Description of potential presymptomatic markers for early detection of cardiopulmonary complications in pediatric patients with sickle cell disease


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A Master's thesis.
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Master (thesis) (master)
Description of potential presymptomatic markers for early detection of cardiopulmonary complications in pediatric patients with sickle cell disease
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Université de Lausanne, Faculté de biologie et médecine
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Sickle cell disease (SCD) is a common genetic disease concerning millions of individuals worldwide, characterized by production of an abnormal hemoglobin. It is a chronic disease whose first signs can appear early in life and can affect every organ.
Pulmonary complications are common and potentially life-threatening. They can be both acute (acute chest syndrome) or chronic (loss of lung function, pulmonary hypertension).
Acute chest syndrome (ACS) is a potentially fatal event presenting with chest pain, fever, with or without acute respiratory symptoms, associated with radiological abnormalities.
Recurrent episodes of ACS can result in chronic lung disease and are linked to premature mortality.
In order to prevent ACS and improve management of pulmonary complications, specific markers are needed. Currently the known clinical and hematological factors that can increase the risk of ACS such as infections, associated asthma and hemolysis, cannot be used for screening of cardiopulmonary complications.
Recently, there have been reports of the role of circulating biological markers that could indicate an impending ACS or future cardiopulmonary complications. For example, inflammatory markers such as C-reactive protein (CRP), phospholipase A2 (sPLA2) and pentraxin-3 (PTX3), though non-specific for ACS, are elevated prior to such an acute event. Likewise, inflammatory markers such as interleukin-6, angiogenic markers such as platelet derived growth factor (PDGF-BB) and vascular endothelial growth factor (VEGF) are strongly correlated with cardiac dysfunction. Nitric oxide, an important pathway of vasodilatation, is significantly reduced in SCD patients whereas Fas and its ligand FasL, members of the tumor necrosis factor receptor superfamily, are significantly higher in SCD patients compared to healthy controls and SCD patients treated with hydroxyurea. NO and Fas-FasL could thus be potential markers for vascular dysfunction.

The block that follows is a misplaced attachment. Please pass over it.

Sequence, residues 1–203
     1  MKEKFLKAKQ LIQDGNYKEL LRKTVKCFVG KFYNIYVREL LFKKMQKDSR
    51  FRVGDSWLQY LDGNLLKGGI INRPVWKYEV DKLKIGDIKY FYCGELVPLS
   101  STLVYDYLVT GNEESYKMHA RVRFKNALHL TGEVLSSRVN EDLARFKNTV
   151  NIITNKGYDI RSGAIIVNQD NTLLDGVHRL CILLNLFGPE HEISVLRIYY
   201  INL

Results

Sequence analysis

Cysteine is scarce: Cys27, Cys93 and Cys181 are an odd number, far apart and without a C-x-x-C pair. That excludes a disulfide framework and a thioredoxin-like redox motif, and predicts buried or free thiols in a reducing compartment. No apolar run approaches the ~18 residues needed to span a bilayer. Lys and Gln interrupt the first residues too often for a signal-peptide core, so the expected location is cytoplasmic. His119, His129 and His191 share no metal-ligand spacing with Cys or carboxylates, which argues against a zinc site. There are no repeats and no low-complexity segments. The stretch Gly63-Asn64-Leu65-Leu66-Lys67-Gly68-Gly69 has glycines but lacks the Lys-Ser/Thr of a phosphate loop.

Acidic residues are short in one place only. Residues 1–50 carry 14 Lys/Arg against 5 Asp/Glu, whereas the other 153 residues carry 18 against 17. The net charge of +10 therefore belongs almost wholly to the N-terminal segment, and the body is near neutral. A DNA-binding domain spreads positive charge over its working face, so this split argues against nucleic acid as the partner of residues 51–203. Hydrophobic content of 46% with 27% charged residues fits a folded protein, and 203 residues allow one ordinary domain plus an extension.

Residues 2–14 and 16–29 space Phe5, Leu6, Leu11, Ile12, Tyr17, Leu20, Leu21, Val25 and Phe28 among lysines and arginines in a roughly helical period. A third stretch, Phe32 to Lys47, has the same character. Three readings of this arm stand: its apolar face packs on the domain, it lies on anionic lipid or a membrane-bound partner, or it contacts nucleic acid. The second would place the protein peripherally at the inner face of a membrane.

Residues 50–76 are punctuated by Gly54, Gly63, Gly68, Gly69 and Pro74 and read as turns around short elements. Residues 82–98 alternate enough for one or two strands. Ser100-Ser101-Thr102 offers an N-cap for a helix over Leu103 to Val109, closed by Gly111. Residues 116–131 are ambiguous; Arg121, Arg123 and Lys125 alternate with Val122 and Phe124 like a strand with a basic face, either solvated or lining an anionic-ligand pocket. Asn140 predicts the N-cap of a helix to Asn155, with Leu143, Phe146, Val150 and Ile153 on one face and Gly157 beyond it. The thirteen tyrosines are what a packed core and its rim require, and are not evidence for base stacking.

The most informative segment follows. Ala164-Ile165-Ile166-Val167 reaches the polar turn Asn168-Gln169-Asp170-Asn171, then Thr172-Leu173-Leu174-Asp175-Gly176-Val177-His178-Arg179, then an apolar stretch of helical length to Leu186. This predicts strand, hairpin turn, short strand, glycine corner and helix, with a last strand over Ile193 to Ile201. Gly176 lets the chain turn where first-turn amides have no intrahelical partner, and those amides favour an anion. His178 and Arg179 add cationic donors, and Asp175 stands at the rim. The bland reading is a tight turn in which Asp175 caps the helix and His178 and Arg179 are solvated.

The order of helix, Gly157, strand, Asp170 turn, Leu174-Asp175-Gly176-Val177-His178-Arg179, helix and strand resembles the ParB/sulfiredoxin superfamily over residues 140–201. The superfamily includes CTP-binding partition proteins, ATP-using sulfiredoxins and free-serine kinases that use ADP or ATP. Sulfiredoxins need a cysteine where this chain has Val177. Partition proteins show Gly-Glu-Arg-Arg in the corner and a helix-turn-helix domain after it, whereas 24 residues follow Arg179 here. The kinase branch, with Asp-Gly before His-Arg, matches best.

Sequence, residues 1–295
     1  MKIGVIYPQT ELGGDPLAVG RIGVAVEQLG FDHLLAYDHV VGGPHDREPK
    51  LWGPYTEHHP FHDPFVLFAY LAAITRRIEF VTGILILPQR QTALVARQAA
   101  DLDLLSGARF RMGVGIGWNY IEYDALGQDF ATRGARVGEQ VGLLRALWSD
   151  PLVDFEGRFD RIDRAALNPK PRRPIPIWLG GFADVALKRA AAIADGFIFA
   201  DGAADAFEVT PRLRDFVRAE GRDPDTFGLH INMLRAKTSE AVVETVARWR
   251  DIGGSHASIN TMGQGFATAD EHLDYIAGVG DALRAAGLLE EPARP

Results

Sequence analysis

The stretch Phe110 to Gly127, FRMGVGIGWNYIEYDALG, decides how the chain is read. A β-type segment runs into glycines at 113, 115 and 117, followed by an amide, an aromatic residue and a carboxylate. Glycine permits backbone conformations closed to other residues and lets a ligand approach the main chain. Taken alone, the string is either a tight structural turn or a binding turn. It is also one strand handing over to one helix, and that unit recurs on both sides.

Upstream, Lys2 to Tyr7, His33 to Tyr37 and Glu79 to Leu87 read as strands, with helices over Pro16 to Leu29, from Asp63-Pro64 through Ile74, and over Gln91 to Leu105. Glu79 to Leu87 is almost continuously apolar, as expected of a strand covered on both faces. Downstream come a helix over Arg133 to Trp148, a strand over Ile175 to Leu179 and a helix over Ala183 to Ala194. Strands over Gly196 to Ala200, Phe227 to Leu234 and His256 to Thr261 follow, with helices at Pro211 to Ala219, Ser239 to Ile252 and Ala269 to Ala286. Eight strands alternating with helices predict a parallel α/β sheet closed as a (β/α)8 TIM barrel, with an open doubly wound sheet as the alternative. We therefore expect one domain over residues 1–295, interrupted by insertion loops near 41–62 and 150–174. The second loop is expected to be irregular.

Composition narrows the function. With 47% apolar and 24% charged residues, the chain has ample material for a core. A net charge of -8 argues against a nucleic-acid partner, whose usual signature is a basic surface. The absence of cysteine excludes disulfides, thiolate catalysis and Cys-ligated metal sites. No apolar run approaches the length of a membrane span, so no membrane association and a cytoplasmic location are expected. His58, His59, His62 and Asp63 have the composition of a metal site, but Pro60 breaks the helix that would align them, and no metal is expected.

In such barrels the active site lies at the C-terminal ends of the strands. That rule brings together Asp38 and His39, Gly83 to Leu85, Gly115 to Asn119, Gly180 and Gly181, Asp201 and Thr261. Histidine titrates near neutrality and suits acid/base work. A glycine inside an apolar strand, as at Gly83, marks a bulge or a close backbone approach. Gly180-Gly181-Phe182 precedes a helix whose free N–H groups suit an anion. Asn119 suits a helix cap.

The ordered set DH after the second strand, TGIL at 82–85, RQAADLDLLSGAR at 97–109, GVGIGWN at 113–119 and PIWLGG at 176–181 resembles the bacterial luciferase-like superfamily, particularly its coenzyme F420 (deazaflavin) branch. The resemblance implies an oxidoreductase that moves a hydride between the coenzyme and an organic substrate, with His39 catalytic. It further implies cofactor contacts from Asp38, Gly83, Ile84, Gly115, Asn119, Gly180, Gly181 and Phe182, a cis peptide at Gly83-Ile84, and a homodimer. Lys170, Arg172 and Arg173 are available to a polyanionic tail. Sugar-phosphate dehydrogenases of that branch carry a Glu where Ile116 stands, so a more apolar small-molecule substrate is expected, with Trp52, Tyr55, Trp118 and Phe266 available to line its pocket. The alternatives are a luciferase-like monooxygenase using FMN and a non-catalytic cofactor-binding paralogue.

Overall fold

More recently, low levels of serum Apelin, a peptide involved in cardiovascular function, seem to be present in early stage subclinical cardiac disease and could enable the early recognition of high risk patients. Apelin is also an independent risk factor for pulmonary hypertension, being a potential preclinical marker for pulmonary vascular damage.
The aim of this review is to describe potentially useful biological biomarkers of cardiopulmonary complications in SCD in order to develop strategies for their early detection at the subclinical stage and propose new guidelines for follow-up.
Sickle cell disease, pediatrics, cardio-pulmonary complications, biomarkers
Create date
07/09/2020 11:38
Last modification date
14/10/2020 6:26
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